What to do when you have dozens of 20-foot-tall busts of nearly every U.S. president and nowhere to put them?
This was the problem that Howard Hankins found himself facing in 2010, after Presidents Park in Williamsburg, Virginia—where the giant busts had been on display—closed down.
The statues were sculpted by Houston artist David Adickes, who was inspired after driving past Mount Rushmore on a trip back from Canada. They were open to the public at Presidents Park alongside the Presidential Pet Museum, and received thousands of visitors until 2010 when a company bought the plot of land. The huge presidential heads had to move.
Instead of allowing the busts to be demolished, Howard Hankins, who helped construct the park, adopted all 42 heads and lugged them back to his private family farm for safekeeping until someone can think of what to do with them.
With each bust weighing 22,000 pounds, it took nearly a week to move them all just a few miles to the large field where they now sit, and some of the heads sustained minor damage to the backs of their heads and noses.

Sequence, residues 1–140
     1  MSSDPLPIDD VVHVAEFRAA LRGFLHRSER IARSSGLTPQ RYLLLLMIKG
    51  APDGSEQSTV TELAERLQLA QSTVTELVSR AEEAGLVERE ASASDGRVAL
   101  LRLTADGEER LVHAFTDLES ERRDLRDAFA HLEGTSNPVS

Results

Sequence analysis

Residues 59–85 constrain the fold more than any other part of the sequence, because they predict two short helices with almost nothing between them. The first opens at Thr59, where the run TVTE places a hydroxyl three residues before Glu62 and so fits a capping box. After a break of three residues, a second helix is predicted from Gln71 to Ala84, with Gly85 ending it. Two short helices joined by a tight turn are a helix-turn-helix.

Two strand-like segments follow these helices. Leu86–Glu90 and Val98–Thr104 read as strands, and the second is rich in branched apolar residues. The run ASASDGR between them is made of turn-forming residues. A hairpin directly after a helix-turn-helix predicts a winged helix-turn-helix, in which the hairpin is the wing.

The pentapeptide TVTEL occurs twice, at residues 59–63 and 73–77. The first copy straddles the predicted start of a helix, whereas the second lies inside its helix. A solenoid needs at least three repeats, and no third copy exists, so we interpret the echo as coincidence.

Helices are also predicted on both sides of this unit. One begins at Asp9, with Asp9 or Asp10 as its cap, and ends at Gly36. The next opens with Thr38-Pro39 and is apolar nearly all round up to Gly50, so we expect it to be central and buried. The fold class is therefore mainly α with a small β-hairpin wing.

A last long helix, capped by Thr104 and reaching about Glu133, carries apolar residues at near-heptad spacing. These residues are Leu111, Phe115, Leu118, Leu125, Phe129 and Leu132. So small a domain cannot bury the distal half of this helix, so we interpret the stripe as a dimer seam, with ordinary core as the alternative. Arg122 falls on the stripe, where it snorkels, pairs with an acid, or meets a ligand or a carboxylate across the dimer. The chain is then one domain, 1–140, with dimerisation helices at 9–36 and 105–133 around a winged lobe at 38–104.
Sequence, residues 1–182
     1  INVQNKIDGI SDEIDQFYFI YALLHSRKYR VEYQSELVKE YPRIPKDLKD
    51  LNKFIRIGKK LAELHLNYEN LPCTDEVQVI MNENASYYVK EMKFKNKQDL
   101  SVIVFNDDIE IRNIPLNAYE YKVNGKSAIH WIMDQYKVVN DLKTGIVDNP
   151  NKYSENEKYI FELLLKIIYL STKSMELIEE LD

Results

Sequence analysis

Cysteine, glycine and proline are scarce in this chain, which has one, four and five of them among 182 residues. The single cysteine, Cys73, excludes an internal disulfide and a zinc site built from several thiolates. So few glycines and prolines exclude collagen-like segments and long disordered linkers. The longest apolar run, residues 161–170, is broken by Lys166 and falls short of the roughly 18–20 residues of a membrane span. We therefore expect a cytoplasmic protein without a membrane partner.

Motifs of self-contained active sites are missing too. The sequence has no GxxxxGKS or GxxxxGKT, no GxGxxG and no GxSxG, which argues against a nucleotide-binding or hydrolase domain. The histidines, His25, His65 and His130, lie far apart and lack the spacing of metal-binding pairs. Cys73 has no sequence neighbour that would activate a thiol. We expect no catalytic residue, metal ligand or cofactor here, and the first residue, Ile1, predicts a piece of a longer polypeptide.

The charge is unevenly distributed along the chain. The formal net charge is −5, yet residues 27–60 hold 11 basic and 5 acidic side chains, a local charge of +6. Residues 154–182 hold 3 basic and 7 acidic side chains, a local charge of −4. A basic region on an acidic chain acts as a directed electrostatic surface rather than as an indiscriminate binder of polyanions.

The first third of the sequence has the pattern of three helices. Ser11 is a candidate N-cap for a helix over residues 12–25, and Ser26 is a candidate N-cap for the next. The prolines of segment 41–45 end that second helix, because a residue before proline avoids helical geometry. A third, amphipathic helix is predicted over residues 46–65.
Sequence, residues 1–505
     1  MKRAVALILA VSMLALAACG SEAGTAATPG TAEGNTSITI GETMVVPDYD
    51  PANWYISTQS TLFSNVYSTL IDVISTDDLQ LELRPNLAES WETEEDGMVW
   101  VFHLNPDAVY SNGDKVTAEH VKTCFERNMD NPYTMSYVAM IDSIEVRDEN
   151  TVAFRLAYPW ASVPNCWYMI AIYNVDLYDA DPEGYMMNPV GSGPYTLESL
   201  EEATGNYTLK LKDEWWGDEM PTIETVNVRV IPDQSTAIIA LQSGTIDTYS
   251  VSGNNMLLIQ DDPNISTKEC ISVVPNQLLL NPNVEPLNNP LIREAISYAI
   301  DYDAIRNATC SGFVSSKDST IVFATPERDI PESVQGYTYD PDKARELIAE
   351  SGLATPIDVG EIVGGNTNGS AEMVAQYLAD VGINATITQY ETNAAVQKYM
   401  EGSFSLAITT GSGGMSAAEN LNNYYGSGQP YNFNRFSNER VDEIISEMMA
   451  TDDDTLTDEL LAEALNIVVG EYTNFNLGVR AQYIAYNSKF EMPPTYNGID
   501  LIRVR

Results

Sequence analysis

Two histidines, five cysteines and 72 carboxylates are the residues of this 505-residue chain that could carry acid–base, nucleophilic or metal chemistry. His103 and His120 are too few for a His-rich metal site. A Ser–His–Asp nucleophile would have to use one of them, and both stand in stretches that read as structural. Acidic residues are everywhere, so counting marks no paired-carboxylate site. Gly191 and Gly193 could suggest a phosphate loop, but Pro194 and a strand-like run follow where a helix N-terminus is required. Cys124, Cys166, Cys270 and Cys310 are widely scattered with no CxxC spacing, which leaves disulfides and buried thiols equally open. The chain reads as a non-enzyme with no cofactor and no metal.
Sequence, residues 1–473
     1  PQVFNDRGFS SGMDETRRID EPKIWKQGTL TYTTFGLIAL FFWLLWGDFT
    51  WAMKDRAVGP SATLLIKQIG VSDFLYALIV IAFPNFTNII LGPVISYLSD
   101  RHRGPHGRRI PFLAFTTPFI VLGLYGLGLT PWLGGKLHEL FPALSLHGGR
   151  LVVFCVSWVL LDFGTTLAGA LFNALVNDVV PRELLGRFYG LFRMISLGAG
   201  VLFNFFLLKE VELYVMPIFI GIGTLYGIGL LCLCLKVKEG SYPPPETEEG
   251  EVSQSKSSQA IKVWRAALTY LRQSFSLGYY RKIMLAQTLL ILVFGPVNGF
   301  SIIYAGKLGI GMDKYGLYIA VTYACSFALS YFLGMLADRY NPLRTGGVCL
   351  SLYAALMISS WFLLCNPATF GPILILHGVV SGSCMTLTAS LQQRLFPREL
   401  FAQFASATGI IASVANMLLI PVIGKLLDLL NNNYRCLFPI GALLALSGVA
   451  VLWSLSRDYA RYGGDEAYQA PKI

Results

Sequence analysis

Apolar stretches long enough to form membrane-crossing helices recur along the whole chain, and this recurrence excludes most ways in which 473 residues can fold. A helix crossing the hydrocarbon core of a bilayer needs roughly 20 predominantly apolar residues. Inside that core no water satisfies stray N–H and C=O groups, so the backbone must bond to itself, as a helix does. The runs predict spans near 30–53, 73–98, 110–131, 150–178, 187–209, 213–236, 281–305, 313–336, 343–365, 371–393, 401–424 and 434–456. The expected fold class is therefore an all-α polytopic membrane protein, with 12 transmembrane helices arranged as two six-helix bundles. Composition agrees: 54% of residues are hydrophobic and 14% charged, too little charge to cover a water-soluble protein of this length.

For years the giant heads have sat tucked away on the farm, which is private property and not open to tourists. There is a crowdfunding campaign in the works to raise money to relocate the statues to a place where they can be visited by all. A short documentary, called All the Presidents’ Heads, showcases the heads and Hankins’ efforts.
The Atlas Obscura Podcast is a short, daily celebration of all the world’s strange and wondrous places. Check out this episode about the President Heads.
Know Before You Go
Note the farm is private property and not open to visitors. Cameras and security have been updated recently. Any unknown visitors may be prosecuted. Local photographer John Plashal occasionally offers tours of the heads: https://www.johnplashalphoto.com/2019-events.